Working with Auto-Render

Posted on by Larry

[ This article was first published in the August, 2005, issue of
Larry’s Final Cut Pro Newsletter. Click here to subscribe. ]

One of the frequently requested features for Final Cut is the ability to render in the background. By this I mean that FCP would render effects in the background while you are editing in the foreground. However, I have been told by the engineers at Apple that, due to the way FCP is designed, it is not possible to easily add this feature.

However, in FCP 4, Apple added a new feature called Auto-Render as part of User Preferences which can go a long way toward solving this problem — if you know how to use it.

As I teach my classes I’ve discovered that many people have not discovered this function, so I wanted to cover it here today.

1. To start, choose Final Cut Pro > User Preferences.

2. The first screen that comes up is the General tab. Highlighted in the lower right corner is Auto-Render. The default setting is 45, however, as you’ll learn, I set mine to 15 on my system.

3. Auto-render is, essentially, a timer to tell Final Cut to do something when FCP isn’t busy. This is all well and good, but I’m not going to just sit there with my arms folded waited for Final Cut to start rendering. So, I didn’t use Auto-render for a long time after it first appeared, until I discovered something.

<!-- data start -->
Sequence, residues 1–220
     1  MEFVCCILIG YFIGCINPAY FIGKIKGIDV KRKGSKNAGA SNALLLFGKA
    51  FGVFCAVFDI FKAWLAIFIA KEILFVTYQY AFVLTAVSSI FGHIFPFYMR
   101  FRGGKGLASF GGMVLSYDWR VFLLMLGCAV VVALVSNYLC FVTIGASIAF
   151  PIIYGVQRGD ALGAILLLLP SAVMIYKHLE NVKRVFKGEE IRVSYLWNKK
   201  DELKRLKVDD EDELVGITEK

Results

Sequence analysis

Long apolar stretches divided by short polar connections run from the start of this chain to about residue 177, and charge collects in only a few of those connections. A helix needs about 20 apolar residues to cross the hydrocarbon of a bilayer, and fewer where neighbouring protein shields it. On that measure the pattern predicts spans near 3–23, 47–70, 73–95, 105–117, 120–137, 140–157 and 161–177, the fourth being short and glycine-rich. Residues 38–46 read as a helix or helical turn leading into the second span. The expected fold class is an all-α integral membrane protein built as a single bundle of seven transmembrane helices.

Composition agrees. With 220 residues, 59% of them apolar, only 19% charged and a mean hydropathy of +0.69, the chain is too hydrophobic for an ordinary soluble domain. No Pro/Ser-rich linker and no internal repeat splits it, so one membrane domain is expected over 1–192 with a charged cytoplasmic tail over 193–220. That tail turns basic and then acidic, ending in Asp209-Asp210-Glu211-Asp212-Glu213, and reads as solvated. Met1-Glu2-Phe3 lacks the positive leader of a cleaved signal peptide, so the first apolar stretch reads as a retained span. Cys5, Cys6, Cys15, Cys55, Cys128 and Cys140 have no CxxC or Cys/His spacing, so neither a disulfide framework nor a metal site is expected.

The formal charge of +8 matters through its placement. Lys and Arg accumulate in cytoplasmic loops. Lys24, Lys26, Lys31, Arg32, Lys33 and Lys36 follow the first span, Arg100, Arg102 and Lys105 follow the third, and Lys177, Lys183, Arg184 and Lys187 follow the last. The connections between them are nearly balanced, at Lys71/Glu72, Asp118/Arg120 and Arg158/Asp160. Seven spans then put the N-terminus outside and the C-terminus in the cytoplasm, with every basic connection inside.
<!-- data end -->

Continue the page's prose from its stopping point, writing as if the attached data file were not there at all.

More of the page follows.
You see, the key phrase is “when Final Cut isn’t busy.” Auto-Render watches for mouse clicks and key presses. If it doesn’t see any incoming user input (meaning those mouse and keyboard movements) it starts a clock. In this example, when the clock gets to 15 minutes with nothing happening, it tells Final Cut to render all open sequences. (The default setting is to wait for 45 minutes.)

But, here’s the neat part. Just because Final Cut isn’t busy does NOT mean your computer isn’t busy! Since Auto-render is looking for mouse click and key presses, all you need to do is move Final Cut to the background, by starting a different program. A foreground application receives all mouse clicks and key presses. This means that while I’m working in PhotoShop, or sending email, or updating my accounting, all those mouse clicks and key presses are going to the foreground application — NOT to Final Cut.

So, the clock starts ticking. After 15 minutes, the clock says to Final Cut: “well, there’s nothing going on here, better start rendering.” So, FCP renders all open sequences, while you’re busy working in another application.

This is very cool — I keep busy with another part of my production, Final Cut renders “in the background,” and there’s no time lost. Rendering in the background does show down your system, which may be excessive on slower computers, but I’ve not found this to be a significant problem.

However, for this system to work most efficiently, change the default Auto-render setting from 45 (minutes) to 15. That way, Final Cut leaps into action much sooner.

By the way, you can adjust what FCP renders by selecting from these three choices. For me, I just leave it set to all open sequences — including RT sequences.

Very cool.

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